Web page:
Learning leadership through service, fun

Alcoa Middle School students, from left, Cheyenne Charles, Maxanna Young and Amber Potter, participate in Jay-Teen activities.

Photo by Leslie Karnowski

Alcoa Middle School students, from left, Cheyenne Charles, Maxanna Young and Amber Potter, participate in Jay-Teen activities.

Untying a human knot are, from left, are Scarbro, Maxanna Young, Lon Fox, Amber Potter, Elizabeth Cardin and Cheyenne Charles.

Photo by Leslie Karnowski

Untying a human knot are, from left, are Scarbro, Maxanna Young, Lon Fox, Amber Potter, Elizabeth Cardin and Cheyenne Charles.

Two programs at Alcoa Middle School are teaching students leadership skills and giving them the opportunity to serve the community.

Principal Jim Kirk praised the Alcoa Youth Empowerment and the Jay-Teens and Jay-Tweens programs, two of the extra things going on at Alcoa Middle that teach important life skills.

“Alcoa Youth Empowerment is put on by the city government and the school board. It’s like Youth Leadership Blount. It acclimates the students as to what the mayor, school board and city commissioners do,” said Kirk. “They learn how city government works. They learn that education has a price tag and that their parents, the taxpayers, are really paying for all the schools. I think it makes them more appreciative.”

Lon Fox, a teacher who helps oversee both programs, said school board member Julie Rochelle, city commissioner and former Alcoa High School principal Clint Abbott, mayor Don Mull and the police Chief Ken Burge went to a conference and came back with ideas for ways to encourage the youth of Alcoa to get involved in the community and empower them to be part of the community.

“So we created a leadership program in Alcoa for middle school students. It’s designed to bring out the best in the kids, bring awareness to their community and encourage them to become grounded in the community. It encourages them to get involved,” Fox said. “This community over the last 20 years has grown, but it’s been controlled growth. We really want to empower kids to get involved in the community.”

AYE students are nominated by teachers, and Fox explains the program and time commitment to each student before he or she accepts.” I go to the student and tell them about the program,” Fox said.

Ty Garrett, 8th grader, said the things he learned during AYE did create in him a greater appreciation for his education. “It’s a lot of fun. I learned about Alcoa. We went to the water treatment plant, landfill and service center. And, it made me feel more appreciative that I go to this school.”

Fox said the AYE students get to meet different leaders in the community. “They get to meet a lot of different people and instead of seeing them in a seminar environment, we go to them and see them in their environment,” he said.

Being appreciative, giving back and honing leadership skills are common themes that run through the extra curricula activities and sanctioned clubs at Alcoa Middle School. Alcoa Youth Empowerment helps the middle school students learn how to interact with city officials, office managers and those who make things happen in Alcoa, said Lon Fox, who is the teacher responsible for administrating the program. The Jay-Teens and Jay-Tweens programs then teaches the students how to become those leaders, and how to give back to the community.

The principal said the Jay-Tweens and Jay-Teens are affiliated with the Jaycees organization and also reinforces good leadership skills training. “It also teaches life skills and community service,” he said.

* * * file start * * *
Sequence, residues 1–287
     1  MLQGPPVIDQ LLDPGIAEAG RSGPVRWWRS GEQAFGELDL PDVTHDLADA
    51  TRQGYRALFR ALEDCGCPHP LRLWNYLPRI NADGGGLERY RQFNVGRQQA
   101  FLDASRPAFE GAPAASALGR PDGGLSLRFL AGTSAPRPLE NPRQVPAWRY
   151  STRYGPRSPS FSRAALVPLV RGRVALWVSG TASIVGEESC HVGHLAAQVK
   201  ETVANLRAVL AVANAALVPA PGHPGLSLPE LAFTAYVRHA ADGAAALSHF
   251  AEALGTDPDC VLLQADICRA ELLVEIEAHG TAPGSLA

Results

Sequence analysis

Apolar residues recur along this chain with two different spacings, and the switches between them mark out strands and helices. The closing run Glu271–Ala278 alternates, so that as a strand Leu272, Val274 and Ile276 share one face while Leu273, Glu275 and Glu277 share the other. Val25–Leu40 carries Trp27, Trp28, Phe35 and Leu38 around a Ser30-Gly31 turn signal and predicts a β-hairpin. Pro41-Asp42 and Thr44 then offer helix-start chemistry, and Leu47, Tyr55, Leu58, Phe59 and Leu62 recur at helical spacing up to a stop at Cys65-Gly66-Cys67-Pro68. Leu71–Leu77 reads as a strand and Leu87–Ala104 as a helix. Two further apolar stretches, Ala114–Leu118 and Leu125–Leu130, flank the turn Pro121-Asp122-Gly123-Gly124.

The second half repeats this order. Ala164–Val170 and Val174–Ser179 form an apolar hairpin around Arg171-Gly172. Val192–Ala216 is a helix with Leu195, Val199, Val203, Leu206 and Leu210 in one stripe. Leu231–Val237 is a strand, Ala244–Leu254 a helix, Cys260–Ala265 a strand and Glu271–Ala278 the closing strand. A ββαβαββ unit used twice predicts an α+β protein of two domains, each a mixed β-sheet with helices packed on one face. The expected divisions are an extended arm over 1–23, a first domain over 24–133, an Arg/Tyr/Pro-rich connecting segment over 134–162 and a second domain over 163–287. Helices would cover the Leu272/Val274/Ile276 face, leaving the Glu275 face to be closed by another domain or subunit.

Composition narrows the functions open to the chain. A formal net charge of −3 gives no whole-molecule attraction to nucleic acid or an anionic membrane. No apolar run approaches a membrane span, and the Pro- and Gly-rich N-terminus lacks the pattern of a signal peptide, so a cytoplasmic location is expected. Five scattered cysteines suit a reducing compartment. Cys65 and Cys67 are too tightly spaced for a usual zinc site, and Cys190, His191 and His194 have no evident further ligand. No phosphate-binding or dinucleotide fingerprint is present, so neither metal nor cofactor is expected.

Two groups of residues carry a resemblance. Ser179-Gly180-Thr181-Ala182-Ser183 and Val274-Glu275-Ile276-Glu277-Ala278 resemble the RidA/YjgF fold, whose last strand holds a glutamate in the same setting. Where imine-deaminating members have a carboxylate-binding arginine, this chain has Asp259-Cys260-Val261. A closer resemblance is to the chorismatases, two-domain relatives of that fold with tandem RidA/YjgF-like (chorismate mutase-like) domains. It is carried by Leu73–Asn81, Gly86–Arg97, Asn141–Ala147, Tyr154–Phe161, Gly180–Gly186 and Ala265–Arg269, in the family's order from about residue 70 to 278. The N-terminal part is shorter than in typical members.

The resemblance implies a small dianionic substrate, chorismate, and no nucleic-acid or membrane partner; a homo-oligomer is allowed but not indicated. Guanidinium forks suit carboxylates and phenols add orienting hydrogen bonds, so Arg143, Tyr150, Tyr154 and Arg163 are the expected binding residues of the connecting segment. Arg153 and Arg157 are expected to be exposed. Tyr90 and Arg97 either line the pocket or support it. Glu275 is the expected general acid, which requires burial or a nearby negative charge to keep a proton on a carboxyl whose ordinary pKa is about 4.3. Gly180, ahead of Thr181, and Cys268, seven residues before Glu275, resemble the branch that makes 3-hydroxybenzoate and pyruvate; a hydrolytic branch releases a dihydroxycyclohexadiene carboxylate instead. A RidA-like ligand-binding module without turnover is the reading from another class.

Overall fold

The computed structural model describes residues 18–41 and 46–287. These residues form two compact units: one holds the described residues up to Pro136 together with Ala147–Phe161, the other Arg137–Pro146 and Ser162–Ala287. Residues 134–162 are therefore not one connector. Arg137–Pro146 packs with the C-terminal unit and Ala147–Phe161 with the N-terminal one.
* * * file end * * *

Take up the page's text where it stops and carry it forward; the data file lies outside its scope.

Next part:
Jay-Tweens are fifth and sixth graders and Jay-Teens are seventh and eighth graders. The two groups help the local community service Jaycee group with their projects, get help in return from the adults in Jaycees and really reach out to the community and to the school to provide fun activities.

Rami Eid, eighth grader, is a member of the Jay-Teens club. “Jay-Teens is a program that does service projects and helps out around the school,” he said.

Even the “fun” programs like dances and Haunted Hallway during the Halloween season are geared to teach leadership skills, said Fox. Rami said Jay-Teens and Jay-Tweens also do projects and fundraisers such as a Valentine’s Day Dance, a Game Show fundraiser, and the group also organizes Fifth Quarter gatherings at the school after some of the home football games.

Fox said at the Fifth quarter events, there is a live band and plenty of food and fun things for the students to do. “It’s neat,” he said. “It’s a fund-raiser, but we keep the cost down, so it is really more of a service project than a fundraiser,” he said.

Kinsey Midkiff, a seventh grader, said being in Jay-Tweens and Jay-Teens opens a student’s eyes on how they can help people. “It makes you feel good at the end of the day,” he said.

Fox said the students participating in Jay-Tweens and Jay-Teens activities do 85 percent of the planning for the special activities they do. “They do the public relations, planning, management, and they plan menus,” Fox said.

Rami said he gets a lot out of being in the Jay-Teens. “You meet other people and learn interaction skills as well as help others,” he said.

Kinsey said participating in Jay-Teens helps the community. “And it builds your confidence up,” he said.

Fox said, “We do a lot on the ropes course (at Maryville College) with the Jay-Tweens. They learn team work and communication.”

Kinsey was president of Jay-Tweens as a sixth grader before moving on to the seventh grade. “It was intense, with a lot of management to pull off the events,” Kinsey said. “You work hard and put a lot into it, but it’s fun.”

AYE is done during school hours and Jay-Teens and Jay-Tweens meet from 3 to 4:15 p.m. on Thursdays for regular meetings, plus the extra events and planning time needed for the events.

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